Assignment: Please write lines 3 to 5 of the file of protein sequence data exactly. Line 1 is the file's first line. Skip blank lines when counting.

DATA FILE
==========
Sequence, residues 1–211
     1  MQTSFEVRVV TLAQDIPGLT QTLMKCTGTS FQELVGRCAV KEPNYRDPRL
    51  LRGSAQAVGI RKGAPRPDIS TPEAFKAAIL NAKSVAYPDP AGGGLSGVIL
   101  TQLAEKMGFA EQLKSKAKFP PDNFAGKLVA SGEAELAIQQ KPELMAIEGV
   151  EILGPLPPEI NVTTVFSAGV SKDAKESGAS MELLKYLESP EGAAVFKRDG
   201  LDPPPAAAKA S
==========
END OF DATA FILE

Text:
    51  LRGSAQAVGI RKGAPRPDIS TPEAFKAAIL NAKSVAYPDP AGGGLSGVIL
   101  TQLAEKMGFA EQLKSKAKFP PDNFAGKLVA SGEAELAIQQ KPELMAIEGV
   151  EILGPLPPEI NVTTVFSAGV SKDAKESGAS MELLKYLESP EGAAVFKRDG